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How to trace the geographical origin and identify mislabeling of bivalve products?

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By Milthon Lujan

Oyster reef. Source: University of Florida
Oyster reef. Source: University of Florida

One of the main issues in the fish and seafood trade is the mislabeling of products. This scenario leads to economic losses and threatens public health.

To increase consumer confidence in bivalves and improve current legislation, tools are needed to combat product mislabeling and confirm the geographical origin of bivalves.

A team of researchers from ECOMARE & CESAM at the University of Aveiro published a scientific review providing an overview of traceability of geographical origin and detection of mislabeling in marine bivalve species.

They also identified current trends in the use of tools, highlighted countries contributing to the advancement of the state-of-the-art on these topics, and emphasized the bivalve groups/species that are most frequently studied.

Traceability of marine bivalves

Traceability of marine bivalves has become an essential requirement for sustainable management and conservation of bivalves and their derived products.

According to the study, traceability ensures product quality and is extremely important in minimizing food safety risks, as authorities can trace the origin of a contaminated product.

Additionally, traceability can certify the legal and sustainable origin of products, reduce illegal and unreported catches, and help combat food fraud.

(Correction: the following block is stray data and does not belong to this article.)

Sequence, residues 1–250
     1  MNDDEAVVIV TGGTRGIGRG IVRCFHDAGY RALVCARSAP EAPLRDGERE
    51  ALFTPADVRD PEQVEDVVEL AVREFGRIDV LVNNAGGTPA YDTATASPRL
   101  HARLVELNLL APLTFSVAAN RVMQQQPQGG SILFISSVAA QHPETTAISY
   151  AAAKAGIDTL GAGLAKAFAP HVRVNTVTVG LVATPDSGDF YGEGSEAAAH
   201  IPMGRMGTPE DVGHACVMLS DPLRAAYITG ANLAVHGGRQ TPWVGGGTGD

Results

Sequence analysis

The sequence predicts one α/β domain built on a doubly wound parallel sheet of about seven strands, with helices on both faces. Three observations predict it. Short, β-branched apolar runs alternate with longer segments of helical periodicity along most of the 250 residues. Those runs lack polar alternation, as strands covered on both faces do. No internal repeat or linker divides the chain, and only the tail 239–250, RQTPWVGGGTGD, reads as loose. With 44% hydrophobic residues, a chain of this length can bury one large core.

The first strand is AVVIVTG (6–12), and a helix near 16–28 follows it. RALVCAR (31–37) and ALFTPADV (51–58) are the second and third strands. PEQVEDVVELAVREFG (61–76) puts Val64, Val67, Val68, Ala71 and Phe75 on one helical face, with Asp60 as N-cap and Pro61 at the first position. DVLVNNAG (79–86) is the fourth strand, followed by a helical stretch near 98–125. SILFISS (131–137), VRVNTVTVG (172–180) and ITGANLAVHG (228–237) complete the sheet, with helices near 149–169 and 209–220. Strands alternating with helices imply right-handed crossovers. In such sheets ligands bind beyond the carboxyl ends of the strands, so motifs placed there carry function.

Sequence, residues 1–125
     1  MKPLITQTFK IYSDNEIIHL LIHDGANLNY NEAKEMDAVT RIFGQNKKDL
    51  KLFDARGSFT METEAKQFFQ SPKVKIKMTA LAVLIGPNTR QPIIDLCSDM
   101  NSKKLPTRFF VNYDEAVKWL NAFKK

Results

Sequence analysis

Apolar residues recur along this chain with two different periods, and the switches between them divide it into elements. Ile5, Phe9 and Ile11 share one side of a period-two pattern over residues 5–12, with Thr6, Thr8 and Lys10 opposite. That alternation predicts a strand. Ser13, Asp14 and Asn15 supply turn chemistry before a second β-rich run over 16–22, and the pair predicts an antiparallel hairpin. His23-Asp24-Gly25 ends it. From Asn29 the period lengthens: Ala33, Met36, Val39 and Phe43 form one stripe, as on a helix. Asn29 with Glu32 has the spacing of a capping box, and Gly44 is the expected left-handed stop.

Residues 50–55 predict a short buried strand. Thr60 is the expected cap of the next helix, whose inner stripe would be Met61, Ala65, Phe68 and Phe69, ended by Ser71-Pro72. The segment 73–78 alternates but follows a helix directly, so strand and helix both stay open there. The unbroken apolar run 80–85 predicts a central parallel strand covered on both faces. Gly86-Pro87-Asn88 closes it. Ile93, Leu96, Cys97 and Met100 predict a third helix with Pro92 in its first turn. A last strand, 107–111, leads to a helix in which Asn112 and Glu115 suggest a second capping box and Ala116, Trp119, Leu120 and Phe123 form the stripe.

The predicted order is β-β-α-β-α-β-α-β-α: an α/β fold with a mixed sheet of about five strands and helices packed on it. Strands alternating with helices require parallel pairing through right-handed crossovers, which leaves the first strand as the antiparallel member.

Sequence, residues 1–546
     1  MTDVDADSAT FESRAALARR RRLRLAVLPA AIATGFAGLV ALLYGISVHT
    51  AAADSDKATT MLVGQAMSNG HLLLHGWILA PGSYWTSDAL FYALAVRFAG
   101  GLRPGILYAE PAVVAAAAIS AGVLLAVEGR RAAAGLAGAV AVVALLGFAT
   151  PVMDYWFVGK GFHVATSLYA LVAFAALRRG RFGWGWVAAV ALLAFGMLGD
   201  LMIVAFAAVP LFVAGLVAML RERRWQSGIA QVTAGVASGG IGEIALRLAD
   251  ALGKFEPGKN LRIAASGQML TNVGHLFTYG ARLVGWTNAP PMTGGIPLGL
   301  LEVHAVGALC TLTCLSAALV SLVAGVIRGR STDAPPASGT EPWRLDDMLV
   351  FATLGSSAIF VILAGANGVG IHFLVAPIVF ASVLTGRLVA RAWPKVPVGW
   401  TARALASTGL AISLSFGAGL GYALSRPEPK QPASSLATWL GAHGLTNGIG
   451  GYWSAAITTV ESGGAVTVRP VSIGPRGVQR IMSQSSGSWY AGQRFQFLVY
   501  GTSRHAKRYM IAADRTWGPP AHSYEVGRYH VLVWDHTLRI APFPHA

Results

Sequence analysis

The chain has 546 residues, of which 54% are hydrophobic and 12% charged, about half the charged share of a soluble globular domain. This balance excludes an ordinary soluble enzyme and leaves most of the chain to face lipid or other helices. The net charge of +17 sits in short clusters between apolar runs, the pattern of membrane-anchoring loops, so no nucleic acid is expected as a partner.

Different approaches to traceability of bivalves

DNA analysis

Some analytical methods used for species identification and food authentication are based on DNA analysis, due to its high stability and presence in most biological tissues.

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Most DNA-based methods involve specific amplification of one or more DNA fragments using the polymerase chain reaction (PCR).

According to the study, DNA analysis is one of the most commonly used tools for species identification and the second most used for discriminating the geographical origin of bivalves.

The tool appears to be relatively fast and inexpensive; however, DNA is susceptible to degradation and does not allow differentiation of close geographical areas.

Fatty acid analysis

Fatty acids are the main constituents of triglycerides and polar lipids. The fatty acid profile in bivalves can be influenced by various intrinsic factors (e.g., age, sex, reproductive cycle, and phylogeny) and extrinsic factors (e.g., diet, temperature, depth, and salinity).

Extrinsic factors make fatty acids strong biomarkers of environmental conditions, particularly useful for traceability of geographical origin. The available diet for bivalves differs depending on the ecosystem they inhabit, affecting the composition of their fatty acid profile.

Fatty acid analysis typically employs chromatography or spectroscopy methods. This tool is relatively low-cost, although its performance is slower compared to others. Additionally, lipids are susceptible to oxidation.

Metabolomic analysis